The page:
A broad ranging and perhaps controversial question, but a timely one, as we’re knee deep in the middle of the corporate earnings season. Textbooks suggest that the price of an equity, for example, is driven by company fundamentals, such as cashflow, return on assets, gearing, etc.
Indeed, analysts spend their time pouring over accounts, reading company research, visiting companies and listening to company calls, with the ultimate aim of assessing whether a company is correctly priced or not.
Company fundamentals are indeed one of the main drivers, especially during a quarterly corporate earnings season. Here, companies get a reality check, with management announcing their results and revisiting their guidance (not that management know what’s around the corner much more than anyone else).
Indeed, many fund managers invest using a stockpicking/bottom up approach, and many have been very successful. However, what drives the price of an investment, whether it’s equities, bonds, currencies, property or commodities, isn’t always the fundamentals. For example, the price of financial assets is also always driven by human psychology such as greed, fear, complacency, etc., to some degree or another.
There are also extended periods when the Fed is the main driver of assets; it might not even be through actions, it might just be words, and often nuances. Of course, this is less binary than it might seem, as the discount rate, and borrowing costs, are also very important for the fundamental outlook of an investment.
Another recent example is geopolitics, though, again, some of the Russia/Ukraine conflict can be brought back to fundamentals, such as lower volumes (supply chain disruption) and margin pressure (higher input costs). Nevertheless, the analysis of the geopolitical environment can be invaluable, certainly more than a narrow assessment of the investment fundamentals.
Of course, some of it is down to definition. Many stock pickers will argue that their analysis includes an assessment of the broader environment, and few seasoned and successful investors believe that it is all just about the theory.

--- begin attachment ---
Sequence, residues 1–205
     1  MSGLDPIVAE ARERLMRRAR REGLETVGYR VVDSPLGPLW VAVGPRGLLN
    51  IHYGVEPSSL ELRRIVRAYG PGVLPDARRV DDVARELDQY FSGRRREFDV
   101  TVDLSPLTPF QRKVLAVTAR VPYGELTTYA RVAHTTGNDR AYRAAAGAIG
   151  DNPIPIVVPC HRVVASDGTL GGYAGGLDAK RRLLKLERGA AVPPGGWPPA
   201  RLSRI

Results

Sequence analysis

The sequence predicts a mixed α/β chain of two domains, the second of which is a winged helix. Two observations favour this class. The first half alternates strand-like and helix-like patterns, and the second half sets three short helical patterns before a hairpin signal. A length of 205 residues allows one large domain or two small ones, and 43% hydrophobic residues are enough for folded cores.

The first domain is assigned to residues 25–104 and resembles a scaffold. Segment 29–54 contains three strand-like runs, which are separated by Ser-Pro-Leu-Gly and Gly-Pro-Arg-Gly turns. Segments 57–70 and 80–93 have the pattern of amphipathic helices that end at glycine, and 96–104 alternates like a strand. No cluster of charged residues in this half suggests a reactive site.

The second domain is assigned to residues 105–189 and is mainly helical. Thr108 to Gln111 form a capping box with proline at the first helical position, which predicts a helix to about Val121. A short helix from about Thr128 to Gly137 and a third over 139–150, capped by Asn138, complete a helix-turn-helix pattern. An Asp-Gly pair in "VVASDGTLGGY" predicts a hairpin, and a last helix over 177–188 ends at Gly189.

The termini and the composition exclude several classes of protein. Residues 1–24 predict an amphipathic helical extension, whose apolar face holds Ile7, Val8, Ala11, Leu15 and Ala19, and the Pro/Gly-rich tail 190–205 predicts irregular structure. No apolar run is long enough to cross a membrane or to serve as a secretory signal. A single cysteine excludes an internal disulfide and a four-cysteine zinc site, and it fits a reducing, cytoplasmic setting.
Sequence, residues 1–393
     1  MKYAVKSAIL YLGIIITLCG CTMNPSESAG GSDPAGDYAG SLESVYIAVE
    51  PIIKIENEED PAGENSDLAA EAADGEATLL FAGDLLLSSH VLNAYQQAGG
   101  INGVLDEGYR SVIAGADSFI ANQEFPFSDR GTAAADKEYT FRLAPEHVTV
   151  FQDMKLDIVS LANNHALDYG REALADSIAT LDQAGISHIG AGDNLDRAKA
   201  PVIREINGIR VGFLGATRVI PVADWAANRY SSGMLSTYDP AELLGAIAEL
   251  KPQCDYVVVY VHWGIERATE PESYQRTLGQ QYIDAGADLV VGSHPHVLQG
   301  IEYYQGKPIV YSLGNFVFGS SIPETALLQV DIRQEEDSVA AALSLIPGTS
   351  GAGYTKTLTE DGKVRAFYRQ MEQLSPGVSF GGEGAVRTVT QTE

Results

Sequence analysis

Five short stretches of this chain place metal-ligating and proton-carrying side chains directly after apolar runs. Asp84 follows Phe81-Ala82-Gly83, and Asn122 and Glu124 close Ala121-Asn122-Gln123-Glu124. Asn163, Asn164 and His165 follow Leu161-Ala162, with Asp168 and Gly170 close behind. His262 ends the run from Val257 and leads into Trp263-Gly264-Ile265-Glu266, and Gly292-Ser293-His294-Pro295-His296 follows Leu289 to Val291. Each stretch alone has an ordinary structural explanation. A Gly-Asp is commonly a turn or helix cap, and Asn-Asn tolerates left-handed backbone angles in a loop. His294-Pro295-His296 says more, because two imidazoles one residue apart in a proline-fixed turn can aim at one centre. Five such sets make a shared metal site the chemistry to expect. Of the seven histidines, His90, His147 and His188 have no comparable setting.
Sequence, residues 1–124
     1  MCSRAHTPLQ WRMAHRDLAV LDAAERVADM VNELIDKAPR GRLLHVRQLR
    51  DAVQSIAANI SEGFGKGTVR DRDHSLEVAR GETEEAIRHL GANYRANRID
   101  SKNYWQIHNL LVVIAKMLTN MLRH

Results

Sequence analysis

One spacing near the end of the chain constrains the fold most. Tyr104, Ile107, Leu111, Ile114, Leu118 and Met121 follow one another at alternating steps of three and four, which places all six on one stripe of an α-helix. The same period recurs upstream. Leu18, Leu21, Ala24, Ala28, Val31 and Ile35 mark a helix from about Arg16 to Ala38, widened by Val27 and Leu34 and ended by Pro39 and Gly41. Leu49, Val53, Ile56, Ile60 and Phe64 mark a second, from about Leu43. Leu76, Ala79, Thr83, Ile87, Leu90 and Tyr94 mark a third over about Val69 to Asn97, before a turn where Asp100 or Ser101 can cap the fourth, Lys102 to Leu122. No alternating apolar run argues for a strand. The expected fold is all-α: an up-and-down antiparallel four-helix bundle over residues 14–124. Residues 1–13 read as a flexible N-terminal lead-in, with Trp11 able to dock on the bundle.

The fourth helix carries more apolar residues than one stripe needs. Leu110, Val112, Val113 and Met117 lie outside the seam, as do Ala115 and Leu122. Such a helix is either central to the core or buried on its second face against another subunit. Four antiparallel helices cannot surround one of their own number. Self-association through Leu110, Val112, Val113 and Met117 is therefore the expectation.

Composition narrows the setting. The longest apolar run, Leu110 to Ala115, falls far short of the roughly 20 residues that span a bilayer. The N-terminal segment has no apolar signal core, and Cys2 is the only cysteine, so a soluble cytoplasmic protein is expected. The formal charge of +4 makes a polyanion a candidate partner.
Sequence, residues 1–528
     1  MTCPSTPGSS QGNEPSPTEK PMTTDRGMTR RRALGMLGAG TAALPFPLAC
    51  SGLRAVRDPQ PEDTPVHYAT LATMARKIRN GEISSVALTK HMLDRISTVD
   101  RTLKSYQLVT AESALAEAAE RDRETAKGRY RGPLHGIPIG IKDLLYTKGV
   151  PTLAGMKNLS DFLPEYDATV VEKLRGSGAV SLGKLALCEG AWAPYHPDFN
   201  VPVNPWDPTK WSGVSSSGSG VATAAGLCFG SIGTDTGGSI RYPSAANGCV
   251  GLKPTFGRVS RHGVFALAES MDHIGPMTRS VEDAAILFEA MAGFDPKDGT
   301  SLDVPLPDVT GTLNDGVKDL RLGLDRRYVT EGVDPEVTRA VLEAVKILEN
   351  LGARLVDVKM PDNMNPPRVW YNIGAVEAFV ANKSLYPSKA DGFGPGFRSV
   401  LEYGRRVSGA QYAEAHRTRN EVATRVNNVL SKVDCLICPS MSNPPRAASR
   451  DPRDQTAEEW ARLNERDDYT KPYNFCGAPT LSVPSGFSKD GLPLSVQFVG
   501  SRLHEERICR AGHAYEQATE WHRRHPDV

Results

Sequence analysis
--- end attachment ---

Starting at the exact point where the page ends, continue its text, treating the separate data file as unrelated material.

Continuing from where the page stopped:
At the minimum though, there’s more than one way to skin a cat. Our approach, for example, is to invest in a range of macro and thematic ideas, getting exposure by holding small individual positions in a larger number of investments which all link back to that idea. This limits risk to the individual positions but increases factor risk, in this case to macro or thematic ideas.
Take resources as an example, an area we like as we believe inflation will be more persistent (see later). We have exposure to baskets of mining and oil equities, and also more directly to the price of agricultural commodities, gold and industrial metals via ETCs. The equity baskets spread risk by company, whereas the ETCs reduce exposure to the volume constraints and margin pressures felt by many commodity businesses, as the exposure here is simply to the commodity price.
This approach has implications for how we spend our time. As a result of materially reducing company specific risk, we don’t visit companies, helping us to remain objective. Meanwhile, our assessment of company fundamentals is more due diligence than forensic in nature. We appreciate that this is tantamount to heresy in some investors’ minds. Instead, though, we focus our time on analysing macroeconomic trends, as well as understanding how resilient some of the long-term themes will be, such as renewables and health tech. In short, we focus on the ideas, more than company fundamentals, as that’s where we are taking more risk.
More generally, we look at the hierarchy of risk across assets from the top-down, rather than bottom up. Currently, our base case is for an inflationary environment and hawkish central banks, particularly the Fed, which leads us to believe that stagflation risks are on the rise. In practice, we believe that this will be the defining environment for investments in aggregate over coming months, overshadowing investment fundamentals, such as a company’s underlying progress. For us, this base case explains clearly the material moves higher in government bond yields, the stronger US dollar and the less favourable environment for technology companies.
That’s not to say that fundamentals won’t have periods where they reassert themselves, just that the nature of the dominant risk is ever changing. There will be extended periods when fundamentals will be less powerful, as they are now, with economic and policy risk so elevated.